There is no doubt that in the past few years we have wondered if J.J. Abrams is trying to be the next Steven Spielberg. Super 8 couldn't go the promotional route without hinting at the score from E.T. or even prominent featuring of the famous Amblin logo of Spielberg's company. It also left a whole slew of the 5 W's. In a sense, the trailer captured whimsy, adventure, and cinema in a way that has seem barren since Spike Jonze's Where the Wild Things Are trailer.
In fact, few have captured the whimsy of childhood in the past five years. Robert Rodriguez has tried, oh how he has... but I doubt any offspring will hold Shorts on a pedestal for any other reason than to stare at a lesser Kat Dennings role. In fact, what kids are painted as realistic? Diary of a Wimpy Kid, maybe, but that's only with grandeur of puberty on it's side.
Where is the natural fun that has been missing from kid's movies?
I don't think Super 8 solves that mystery, but it does manage to be something else entirely. It takes a central cast of kids: Joe (Joel Courtney), Cary (Ryan Lee), Preston (Zach Mills), Charles (Riley Griffiths), Martin (Gabriel Basso), and Alice (Elle Fanning), throws them into 1979, and sets them free to make a movie using a Super 8 Camera.
Towards the end of the film shoot, Charles gets the idea to film a train scene for his zombie movie (to add plot), and they witness a horrific train crash in which everything goes flying for probably five minutes. Cue in the Air Force, some weird supernatural occurrences, and you get the rest of this movie.
What makes this movie work is the ability to not play down to kids. This is a PG-13 movie, and so what if the kids say shit? They did it all the time in 80's PG movies. In fact, I doubt kids ever stopped saying shit. It's a small revelation to hear them cursing in moderation, while hoisting insults at each other's foibles. In fact, it seems to be above the average intelligence, most of these insults.
Like most of the town, they are on a quest to solve a mystery. However, to compare this to E.T. is to sell yourself short. Where the quest was to save an alien, this is a story to figure out what's going on without trying to get killed by either the monster... or the Air Force. In a sense, this is an ultimate fantasy film in that it teaches kids early on to fight the system, which I openly support.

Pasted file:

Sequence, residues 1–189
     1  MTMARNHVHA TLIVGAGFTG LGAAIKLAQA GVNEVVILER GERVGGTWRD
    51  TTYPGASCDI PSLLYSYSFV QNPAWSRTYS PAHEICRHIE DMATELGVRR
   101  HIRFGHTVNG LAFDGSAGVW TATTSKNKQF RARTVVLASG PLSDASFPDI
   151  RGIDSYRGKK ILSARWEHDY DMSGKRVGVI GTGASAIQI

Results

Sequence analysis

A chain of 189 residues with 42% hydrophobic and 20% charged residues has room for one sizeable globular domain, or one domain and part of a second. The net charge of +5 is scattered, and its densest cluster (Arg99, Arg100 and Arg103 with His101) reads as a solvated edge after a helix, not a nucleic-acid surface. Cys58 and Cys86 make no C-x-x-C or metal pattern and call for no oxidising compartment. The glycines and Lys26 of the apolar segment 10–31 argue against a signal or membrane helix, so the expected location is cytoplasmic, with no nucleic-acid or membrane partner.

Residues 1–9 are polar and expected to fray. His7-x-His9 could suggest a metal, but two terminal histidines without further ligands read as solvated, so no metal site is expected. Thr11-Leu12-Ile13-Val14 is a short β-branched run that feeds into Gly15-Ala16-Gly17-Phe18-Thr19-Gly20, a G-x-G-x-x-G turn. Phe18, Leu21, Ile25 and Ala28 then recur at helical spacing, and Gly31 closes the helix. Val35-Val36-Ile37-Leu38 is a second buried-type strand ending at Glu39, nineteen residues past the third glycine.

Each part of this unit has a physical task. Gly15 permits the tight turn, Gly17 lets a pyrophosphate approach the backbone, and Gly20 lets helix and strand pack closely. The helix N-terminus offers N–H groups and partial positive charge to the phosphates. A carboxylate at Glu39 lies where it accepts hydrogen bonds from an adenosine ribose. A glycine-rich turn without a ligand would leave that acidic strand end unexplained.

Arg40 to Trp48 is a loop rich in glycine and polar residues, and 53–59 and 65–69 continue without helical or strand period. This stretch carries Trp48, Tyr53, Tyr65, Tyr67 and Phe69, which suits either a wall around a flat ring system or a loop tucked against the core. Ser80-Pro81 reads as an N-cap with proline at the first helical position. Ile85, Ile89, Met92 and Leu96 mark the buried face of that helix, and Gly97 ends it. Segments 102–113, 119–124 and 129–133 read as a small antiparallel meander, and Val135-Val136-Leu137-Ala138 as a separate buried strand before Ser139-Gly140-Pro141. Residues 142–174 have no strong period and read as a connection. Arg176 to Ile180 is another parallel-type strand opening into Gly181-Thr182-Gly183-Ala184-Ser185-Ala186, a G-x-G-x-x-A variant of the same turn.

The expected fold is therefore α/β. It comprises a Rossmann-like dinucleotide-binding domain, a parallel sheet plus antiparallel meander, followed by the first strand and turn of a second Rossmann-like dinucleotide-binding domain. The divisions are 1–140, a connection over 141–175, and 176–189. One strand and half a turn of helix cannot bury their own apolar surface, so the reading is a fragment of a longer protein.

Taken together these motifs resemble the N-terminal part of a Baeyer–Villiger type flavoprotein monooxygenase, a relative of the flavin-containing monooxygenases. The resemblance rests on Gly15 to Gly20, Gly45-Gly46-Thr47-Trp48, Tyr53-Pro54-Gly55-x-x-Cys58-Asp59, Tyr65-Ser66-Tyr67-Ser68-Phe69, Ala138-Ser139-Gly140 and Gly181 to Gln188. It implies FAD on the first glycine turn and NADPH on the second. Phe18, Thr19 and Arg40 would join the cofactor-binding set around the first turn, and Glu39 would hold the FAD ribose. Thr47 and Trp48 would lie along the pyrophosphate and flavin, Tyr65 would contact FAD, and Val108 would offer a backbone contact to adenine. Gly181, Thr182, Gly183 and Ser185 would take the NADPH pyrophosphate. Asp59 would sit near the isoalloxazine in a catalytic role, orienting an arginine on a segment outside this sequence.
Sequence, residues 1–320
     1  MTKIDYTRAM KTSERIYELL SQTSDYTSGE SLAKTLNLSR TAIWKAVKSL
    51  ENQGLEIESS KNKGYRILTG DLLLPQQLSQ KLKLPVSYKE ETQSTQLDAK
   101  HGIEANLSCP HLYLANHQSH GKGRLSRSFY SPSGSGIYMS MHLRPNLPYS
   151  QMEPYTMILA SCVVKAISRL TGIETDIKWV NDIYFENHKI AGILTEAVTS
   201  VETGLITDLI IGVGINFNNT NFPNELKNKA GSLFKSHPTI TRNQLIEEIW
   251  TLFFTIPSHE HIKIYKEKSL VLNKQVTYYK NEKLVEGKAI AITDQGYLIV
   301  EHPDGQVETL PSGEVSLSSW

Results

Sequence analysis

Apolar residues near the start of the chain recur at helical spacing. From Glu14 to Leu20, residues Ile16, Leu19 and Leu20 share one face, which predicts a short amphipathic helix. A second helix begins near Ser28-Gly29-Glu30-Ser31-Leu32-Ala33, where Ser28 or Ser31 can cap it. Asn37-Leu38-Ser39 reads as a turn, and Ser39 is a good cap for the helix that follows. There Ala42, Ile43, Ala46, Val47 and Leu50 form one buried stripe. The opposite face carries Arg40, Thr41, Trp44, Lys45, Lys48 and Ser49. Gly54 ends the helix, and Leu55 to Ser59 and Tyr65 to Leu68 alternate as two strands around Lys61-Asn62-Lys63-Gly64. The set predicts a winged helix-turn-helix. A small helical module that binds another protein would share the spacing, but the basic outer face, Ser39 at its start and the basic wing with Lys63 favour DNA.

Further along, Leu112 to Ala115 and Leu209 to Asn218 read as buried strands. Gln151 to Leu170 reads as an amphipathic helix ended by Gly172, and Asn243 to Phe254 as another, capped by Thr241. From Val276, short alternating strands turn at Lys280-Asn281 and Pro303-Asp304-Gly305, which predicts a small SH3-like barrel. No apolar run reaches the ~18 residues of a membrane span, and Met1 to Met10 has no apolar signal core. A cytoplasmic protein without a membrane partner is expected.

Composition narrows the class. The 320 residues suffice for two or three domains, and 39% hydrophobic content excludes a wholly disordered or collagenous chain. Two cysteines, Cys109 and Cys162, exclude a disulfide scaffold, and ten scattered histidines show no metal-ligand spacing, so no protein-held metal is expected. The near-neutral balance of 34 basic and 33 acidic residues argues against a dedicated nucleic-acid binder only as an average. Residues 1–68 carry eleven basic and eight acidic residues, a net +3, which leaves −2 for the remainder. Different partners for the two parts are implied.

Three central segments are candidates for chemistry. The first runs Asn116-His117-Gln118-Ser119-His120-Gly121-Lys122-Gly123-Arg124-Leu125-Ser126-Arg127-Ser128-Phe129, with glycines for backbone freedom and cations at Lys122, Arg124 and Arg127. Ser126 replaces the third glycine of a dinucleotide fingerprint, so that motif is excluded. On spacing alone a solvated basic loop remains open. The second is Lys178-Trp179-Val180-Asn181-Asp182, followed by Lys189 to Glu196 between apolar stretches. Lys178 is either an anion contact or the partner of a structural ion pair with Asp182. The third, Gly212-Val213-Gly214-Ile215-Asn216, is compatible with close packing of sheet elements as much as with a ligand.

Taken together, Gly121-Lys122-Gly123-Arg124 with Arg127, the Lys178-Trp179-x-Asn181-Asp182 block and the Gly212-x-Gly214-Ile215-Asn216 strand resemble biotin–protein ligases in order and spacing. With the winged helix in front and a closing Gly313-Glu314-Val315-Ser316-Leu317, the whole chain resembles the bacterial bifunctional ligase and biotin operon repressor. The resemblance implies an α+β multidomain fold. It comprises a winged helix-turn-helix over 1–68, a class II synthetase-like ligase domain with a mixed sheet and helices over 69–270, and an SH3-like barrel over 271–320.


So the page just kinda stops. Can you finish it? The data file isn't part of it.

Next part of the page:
I have enjoyed a couple of the other Bad Robot Productions in the past. I will admit that Abrams did a nice job on Star Trek, converting half my friends (and getting me to watch Wrath of Khan, something I don't regret) and making me creeped out by Simon Pegg as Scotty.
However, it was the Matt Reeves-directed Cloverfield that I most admired. There was something about the shaky cam approach to the monster movie that I loved. If anything, I went into Super 8 with small hope it would be the Cloverfield baby.
But this supernatural force is just as phenomenal. While the movie shows little resemblance to E.T., Abrams does manage to borrow a lot of timely camera techniques from Spielberg's classics, including the spareness of the monster on screen, which just amps the curiosity.
Abrams, I don't think, is a master of suspense. He, however, is a master of making an entertaining blockbuster in which he can restore my faith in the idea that movies of that caliber can be fun and original. I may hate movies made up of prominently kids, but I felt that this was a strong cast that manages to work well and bounce the humor off of each other so effortlessly.
I also just loved that there was some rooted homage to all things old school horror movies. If you eye around the various rooms, you'll see posters for Halloween and Dawn of the Dead along with a Dracula skull, Creature from the Black Lagoon figure, and zombie make-up. In a sense, this not only helps set the era, but also helps us understand some of Abrams' rooted influences in this movie, which manages to show, if vaguely. As an adamant fan of most of said references, it helped me connect with the kids before they rolled that Super 8 Camera, and I felt gave them more authentic passion.
This movie has the unbridled joy of being my new favorite Abrams-directed movie, as it manages to feature plenty of brilliant slow reveals, subtle text about growing up, and kids who have a passion (and a brain). Oh yeah, and there's plenty of use of lens flair, so watch out.
I don't love it because I connect it with anything Spielberg has done (to me, E.T. was a product of it's time and I just don't like it), but because it's essentially a really dark movie featuring kids. I'd like to assume this is up there with Gremlins as movies that will freak you out when you're young, and you'll appreciate the technical aspects as you get older. It captures what it's like to look into something scary and different and say "Until I get an explanation, I'm blaming the Soviets" (sorry, spoiler).
So, a strong applause for Abrams for taking aspects of things I love with tropes from lesser things and making it into one fun adventure. True, the trailer gave away more than I assumed, but the adventure and mystery was still strong enough to keep me engaged all the way through.